Translation:The shop sells hurling balls and hurling sticks.
Just a little bit of information for learners outside of Ireland: in my neck of the Irish woods, these are generally referred to in English as"slitters" and "hurleys", respectively. My seven year old would probably die a thousand deaths of embarrassment if I walked into a sports shop with him and asked the clerk to show us where the hurling balls and hurling sticks were. :P
You're right, though I hear so many different pronunciations - even from one side of the city to the next - that as a non-native speaker I'd hardly know which is the "right" one.
The Irish boys from my neighborhood who knock at my front door are asking me to look in my back garden for their "slitter" (which is also how my husband pronounces the word), but the Irish boys who come in just a few miles from the countryside will say "shlitter".
I've been playing camogie/hurling for just a couple months now. Our Irish coach pronounces it "shlither," with a soft th sound.
He's been wearing a Baile Áth jacket, but I'm not sure if that's where he's from. I've wondered where that th sound comes from.
The game itself is an absolute blast. :)
(I'm not sure if sgjest will see this reply, but I can't reply directly to her post).
There are a couple of places that start with Baile Átha, but assuming you meant Baile Átha Cliath, then yes, "shlither" might be a better description of how some Dubs would say it, though the "hardness" of that particular consonant would probably vary a lot depending on the context (ordinary conversation versus shouted instructions from the sideline, versus out of breath from exertion, etc).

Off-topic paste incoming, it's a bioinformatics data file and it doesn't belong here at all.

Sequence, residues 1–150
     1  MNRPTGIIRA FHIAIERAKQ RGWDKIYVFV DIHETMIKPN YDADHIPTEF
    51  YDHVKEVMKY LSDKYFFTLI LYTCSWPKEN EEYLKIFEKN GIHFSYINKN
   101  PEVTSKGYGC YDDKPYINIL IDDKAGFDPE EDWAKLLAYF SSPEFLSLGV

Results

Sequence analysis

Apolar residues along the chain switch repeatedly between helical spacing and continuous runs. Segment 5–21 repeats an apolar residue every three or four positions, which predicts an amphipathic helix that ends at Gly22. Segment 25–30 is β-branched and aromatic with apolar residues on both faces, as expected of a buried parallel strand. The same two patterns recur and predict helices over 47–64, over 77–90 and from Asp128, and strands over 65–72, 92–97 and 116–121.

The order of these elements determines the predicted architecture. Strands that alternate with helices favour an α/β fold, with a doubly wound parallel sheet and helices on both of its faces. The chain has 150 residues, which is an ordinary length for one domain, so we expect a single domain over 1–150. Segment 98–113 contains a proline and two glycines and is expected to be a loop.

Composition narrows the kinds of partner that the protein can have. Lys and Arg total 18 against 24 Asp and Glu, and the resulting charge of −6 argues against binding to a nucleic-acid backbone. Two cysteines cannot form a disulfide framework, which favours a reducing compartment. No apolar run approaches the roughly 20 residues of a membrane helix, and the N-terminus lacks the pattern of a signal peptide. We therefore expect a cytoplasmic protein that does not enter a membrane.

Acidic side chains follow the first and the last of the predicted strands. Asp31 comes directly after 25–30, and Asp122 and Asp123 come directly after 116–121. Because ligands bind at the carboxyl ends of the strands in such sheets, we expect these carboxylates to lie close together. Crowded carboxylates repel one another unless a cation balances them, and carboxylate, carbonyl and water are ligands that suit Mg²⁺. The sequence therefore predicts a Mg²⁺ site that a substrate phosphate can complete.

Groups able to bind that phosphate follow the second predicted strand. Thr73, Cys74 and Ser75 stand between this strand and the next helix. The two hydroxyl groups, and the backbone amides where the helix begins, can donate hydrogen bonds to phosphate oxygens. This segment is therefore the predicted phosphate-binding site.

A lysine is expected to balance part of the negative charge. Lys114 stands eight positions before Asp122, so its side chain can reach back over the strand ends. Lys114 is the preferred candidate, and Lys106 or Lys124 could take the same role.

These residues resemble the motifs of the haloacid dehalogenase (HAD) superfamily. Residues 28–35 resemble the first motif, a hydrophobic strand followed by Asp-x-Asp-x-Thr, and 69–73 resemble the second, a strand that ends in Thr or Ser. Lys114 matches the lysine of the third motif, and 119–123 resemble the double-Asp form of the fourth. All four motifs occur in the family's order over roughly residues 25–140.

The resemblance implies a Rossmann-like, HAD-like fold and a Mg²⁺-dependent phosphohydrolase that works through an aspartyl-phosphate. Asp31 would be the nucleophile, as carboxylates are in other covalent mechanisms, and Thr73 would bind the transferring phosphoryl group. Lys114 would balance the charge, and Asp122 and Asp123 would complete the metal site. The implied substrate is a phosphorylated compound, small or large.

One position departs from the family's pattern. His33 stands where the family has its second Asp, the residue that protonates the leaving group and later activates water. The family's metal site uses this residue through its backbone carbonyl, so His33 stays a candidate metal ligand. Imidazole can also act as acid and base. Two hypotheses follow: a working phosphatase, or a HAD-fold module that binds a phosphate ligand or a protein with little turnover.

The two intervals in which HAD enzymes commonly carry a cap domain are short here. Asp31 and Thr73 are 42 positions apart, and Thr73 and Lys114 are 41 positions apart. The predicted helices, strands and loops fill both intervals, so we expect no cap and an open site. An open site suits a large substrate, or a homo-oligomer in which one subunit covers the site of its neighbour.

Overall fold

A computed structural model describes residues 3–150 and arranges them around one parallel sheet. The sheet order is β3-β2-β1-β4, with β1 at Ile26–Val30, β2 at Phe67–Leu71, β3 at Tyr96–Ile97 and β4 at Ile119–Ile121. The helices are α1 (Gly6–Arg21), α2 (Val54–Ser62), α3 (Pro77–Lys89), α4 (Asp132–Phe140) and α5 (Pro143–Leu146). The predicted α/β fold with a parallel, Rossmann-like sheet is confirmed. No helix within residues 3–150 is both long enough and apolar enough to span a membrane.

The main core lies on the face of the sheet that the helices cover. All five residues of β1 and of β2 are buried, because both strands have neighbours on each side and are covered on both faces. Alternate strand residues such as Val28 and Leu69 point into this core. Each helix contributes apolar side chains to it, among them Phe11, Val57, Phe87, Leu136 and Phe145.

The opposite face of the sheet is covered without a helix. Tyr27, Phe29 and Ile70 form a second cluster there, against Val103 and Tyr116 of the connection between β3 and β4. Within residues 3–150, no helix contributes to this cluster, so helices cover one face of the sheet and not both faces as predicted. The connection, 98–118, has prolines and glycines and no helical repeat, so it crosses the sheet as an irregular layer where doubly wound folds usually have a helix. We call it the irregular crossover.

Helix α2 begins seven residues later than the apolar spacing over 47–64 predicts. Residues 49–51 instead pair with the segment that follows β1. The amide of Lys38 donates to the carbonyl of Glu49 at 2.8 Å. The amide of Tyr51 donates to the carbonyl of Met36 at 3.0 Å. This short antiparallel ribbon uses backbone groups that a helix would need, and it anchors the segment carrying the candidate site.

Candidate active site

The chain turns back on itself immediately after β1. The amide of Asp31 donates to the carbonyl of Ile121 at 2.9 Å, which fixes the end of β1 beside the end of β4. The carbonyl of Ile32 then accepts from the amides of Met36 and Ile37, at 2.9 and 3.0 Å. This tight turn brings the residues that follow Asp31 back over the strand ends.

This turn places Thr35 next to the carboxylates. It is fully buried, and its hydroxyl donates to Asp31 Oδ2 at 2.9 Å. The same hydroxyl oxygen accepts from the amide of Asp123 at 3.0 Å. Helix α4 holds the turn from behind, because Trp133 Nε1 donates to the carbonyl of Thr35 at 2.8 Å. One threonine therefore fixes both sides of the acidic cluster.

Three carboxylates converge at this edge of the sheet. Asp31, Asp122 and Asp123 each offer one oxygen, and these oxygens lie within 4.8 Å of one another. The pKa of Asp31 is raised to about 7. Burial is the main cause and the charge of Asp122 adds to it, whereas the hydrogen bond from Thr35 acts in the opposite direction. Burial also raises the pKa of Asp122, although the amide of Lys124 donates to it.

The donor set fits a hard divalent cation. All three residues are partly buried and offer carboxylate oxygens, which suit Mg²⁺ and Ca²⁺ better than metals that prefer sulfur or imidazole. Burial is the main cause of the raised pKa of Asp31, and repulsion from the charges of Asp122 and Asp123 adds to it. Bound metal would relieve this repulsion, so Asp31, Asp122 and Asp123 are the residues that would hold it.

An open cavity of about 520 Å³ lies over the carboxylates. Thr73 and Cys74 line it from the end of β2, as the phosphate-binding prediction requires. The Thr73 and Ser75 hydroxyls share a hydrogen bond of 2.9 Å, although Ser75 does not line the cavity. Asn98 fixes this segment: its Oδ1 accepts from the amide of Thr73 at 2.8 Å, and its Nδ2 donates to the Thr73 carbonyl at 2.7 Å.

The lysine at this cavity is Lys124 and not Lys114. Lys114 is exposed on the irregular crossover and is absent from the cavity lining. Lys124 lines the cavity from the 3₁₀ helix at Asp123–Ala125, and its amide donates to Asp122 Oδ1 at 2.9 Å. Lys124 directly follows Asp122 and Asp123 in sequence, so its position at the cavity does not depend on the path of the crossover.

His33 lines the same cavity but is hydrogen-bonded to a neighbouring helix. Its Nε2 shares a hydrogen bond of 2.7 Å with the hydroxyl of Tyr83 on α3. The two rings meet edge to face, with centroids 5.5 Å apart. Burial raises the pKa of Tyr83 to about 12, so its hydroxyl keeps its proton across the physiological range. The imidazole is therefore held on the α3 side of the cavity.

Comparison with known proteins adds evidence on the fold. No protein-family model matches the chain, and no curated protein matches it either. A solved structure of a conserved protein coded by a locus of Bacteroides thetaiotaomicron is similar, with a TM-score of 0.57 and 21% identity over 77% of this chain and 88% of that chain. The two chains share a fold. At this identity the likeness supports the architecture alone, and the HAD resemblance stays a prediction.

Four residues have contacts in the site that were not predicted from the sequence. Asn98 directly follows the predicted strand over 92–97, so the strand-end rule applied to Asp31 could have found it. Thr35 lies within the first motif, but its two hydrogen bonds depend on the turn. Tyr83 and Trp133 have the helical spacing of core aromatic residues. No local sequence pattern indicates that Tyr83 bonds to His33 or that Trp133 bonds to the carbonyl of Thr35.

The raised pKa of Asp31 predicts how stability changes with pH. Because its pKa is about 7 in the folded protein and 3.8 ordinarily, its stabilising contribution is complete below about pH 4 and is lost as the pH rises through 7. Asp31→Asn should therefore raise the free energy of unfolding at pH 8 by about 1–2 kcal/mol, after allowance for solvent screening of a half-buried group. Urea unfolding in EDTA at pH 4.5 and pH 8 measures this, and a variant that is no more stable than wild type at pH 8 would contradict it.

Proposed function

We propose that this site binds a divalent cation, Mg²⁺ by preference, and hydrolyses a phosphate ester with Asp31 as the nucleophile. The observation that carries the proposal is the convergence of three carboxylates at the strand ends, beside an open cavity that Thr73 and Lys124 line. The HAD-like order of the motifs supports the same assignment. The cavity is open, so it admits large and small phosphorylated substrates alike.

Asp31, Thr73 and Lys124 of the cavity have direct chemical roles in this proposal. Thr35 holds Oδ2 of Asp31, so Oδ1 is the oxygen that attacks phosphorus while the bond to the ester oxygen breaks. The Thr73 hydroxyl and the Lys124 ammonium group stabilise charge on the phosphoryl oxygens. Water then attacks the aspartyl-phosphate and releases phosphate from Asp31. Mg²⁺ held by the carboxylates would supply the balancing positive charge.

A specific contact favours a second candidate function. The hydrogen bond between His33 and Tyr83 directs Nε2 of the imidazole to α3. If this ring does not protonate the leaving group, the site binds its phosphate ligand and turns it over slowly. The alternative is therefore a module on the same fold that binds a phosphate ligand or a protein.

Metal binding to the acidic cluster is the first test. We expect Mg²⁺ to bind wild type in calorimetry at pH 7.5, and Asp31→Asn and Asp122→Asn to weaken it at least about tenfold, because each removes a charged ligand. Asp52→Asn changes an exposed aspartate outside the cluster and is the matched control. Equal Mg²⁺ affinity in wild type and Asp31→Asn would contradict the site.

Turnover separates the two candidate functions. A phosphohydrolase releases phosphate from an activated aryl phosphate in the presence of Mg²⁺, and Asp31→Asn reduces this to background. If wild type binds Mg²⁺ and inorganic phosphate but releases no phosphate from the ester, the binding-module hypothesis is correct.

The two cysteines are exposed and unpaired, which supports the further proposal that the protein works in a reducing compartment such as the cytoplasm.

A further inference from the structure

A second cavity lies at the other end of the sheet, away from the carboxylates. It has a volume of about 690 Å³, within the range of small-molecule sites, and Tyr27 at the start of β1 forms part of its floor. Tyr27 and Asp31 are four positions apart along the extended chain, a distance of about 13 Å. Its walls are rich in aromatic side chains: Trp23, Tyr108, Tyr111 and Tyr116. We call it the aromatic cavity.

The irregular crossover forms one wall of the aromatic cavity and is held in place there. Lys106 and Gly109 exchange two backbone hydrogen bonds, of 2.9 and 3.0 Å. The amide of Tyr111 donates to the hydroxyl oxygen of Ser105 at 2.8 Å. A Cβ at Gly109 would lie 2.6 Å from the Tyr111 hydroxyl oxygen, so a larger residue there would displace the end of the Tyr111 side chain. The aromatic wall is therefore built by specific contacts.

Replying to Knocksedan: Turns out I remembered wrong what the logo on his jacket said. It wasn't "Baile Áth," but rather "Áth Cliath" - which he confirmed was Dublin. I guess I remembered that it wasn't the full "Baile Átha Cliath" but forgot just how it was shortened.
After more poking around the internet, I see that the logo was simply that of the Dublin GAA: http://www.dublingaa.ie
All that digression is to say: thanks, Knocksedan, for the further explanation of the pronunciation!
Apart from the fact that the Irish course was created by Irish people living in Ireland, and the sentence discussions are littered with complaints from Americans about Hiberno-English constructions that they don't get, O'Neill's also sell "hurling sticks" to go with their "hurling balls".
As an Irish person, you'll be very familiar with O'Neills as a supplier of GAA gear the length and breadth of the country.
O'Neills are probably one of best known suppliers of GAA gear in Ireland.
As pointed out above, O'Neills, one of the largest providers of GAA gear in Ireland has no problem selling "hurling sticks".
I agree that it is more common to call it "a hurl" or "a hurley" (lots of debate about those terms too), but you won't be long at a hurling training session before you'll hear mention of "sticks" and "balls".